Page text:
There are three main reasons why many people in the biotech community and government have expressed concerns about China’s access to American DNA data.

In the “60 Minutes” interview, Evanina discussed the very likely scenario in which Chinese companies would be able to micro-target American individuals and offer customized preventative solutions based on their DNA.

Evanina asked: “Do we want to have another nation systematically eliminate our healthcare services? Are we okay with that as a nation?”

The second concern is that China may use DNA to track and attack American individuals. As the USCC report states: “China could target vulnerabilities in specific individuals brought to light by genomic data or health records. Individuals targeted in such attacks would likely be strategically identified persons, such as diplomats, politicians, high-ranking federal officials or military leadership.”

The third concern is that China may devise bioweapons to target non-Asians. Steven Mosher, president of the Population Research Institute, discussed it in his article “What Will China Do With Your DNA?” published by The Epoch Times in March 2019.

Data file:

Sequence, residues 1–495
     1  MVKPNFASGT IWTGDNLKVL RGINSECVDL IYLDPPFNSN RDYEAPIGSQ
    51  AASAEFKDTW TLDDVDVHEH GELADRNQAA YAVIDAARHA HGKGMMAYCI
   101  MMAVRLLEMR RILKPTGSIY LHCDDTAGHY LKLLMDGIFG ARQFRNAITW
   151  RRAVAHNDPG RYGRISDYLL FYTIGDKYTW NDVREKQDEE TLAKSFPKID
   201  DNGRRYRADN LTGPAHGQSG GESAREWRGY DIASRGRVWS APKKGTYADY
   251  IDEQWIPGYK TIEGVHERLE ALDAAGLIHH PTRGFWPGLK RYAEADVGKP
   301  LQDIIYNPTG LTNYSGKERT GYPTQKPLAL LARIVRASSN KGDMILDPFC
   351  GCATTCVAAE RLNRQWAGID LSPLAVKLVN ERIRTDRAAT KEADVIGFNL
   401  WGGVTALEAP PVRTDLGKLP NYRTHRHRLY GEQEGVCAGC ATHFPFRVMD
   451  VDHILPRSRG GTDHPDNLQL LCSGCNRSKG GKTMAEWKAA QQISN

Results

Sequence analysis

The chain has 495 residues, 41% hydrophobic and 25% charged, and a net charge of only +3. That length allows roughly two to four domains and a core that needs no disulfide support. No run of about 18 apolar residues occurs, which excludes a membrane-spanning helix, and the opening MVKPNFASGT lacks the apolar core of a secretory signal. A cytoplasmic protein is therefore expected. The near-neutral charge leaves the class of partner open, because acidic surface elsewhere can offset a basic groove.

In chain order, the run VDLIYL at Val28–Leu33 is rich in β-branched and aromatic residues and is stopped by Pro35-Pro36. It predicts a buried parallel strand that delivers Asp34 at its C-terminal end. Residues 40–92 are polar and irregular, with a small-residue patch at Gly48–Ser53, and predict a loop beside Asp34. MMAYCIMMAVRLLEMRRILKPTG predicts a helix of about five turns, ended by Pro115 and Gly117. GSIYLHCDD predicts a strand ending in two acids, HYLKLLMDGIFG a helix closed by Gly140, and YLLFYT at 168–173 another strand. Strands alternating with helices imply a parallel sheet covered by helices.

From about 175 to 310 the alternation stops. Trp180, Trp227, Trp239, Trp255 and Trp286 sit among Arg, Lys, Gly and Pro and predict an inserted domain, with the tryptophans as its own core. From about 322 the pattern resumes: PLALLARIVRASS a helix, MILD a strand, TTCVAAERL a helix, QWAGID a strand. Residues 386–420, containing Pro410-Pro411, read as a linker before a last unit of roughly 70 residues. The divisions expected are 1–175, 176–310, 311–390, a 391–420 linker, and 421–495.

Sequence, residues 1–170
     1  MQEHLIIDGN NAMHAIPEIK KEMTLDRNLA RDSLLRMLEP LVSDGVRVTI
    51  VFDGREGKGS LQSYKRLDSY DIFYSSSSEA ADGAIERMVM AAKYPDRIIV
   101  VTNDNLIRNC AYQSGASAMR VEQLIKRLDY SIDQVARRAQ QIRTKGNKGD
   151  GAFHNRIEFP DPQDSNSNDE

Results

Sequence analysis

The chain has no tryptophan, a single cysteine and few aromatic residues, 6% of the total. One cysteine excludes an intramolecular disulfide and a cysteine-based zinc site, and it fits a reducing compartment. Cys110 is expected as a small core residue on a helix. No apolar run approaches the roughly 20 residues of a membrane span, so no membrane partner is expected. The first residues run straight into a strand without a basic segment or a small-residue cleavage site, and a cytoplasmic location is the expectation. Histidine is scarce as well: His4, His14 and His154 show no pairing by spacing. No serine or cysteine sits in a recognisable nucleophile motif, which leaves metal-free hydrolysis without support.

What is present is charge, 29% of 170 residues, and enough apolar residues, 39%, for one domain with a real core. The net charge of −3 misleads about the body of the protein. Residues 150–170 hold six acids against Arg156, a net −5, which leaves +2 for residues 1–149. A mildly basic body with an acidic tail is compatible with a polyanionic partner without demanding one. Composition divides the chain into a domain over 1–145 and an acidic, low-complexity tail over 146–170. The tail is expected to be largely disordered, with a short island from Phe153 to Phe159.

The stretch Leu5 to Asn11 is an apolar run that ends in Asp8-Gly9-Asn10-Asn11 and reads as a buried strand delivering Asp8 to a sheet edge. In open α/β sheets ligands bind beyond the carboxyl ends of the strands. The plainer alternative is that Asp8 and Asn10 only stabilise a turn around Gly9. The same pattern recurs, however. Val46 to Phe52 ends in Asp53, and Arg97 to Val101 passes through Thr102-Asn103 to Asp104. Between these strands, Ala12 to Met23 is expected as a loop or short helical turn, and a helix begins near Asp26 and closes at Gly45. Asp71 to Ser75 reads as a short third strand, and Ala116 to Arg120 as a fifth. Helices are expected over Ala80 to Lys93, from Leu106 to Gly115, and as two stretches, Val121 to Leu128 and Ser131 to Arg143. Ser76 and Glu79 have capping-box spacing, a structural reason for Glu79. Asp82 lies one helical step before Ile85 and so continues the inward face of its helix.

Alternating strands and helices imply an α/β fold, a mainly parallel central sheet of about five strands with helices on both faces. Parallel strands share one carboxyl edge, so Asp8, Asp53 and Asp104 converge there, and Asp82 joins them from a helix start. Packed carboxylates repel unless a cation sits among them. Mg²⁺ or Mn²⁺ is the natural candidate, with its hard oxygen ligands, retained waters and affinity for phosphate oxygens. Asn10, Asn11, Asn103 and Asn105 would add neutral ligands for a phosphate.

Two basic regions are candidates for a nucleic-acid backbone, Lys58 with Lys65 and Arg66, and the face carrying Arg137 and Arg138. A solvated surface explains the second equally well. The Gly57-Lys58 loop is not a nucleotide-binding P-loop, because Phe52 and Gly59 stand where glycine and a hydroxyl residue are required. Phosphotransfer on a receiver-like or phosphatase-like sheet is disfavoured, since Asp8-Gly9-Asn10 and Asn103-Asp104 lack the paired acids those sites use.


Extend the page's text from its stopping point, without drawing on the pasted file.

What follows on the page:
He wrote: “We know that the Asian genome is genetically distinct from the Caucasian and African in many ways. … Would it be possible to bioengineer a very virulent version of, say, smallpox, that was easily transmitted, fatal to other races, but to which the Chinese enjoyed a natural immunity? … Given our present ability to manipulate genomes, if such a bio-weapon can be imagined, it can probably – given enough time and resources – be realized.”

An article from Technocracy said: “China’s aggressive collection of American DNA should be doubly alarming because it can only spell one ultimate outcome: biowarfare. That is, genetically engineering viruses or other diseases that will be selectively harmful to U.S. populations.”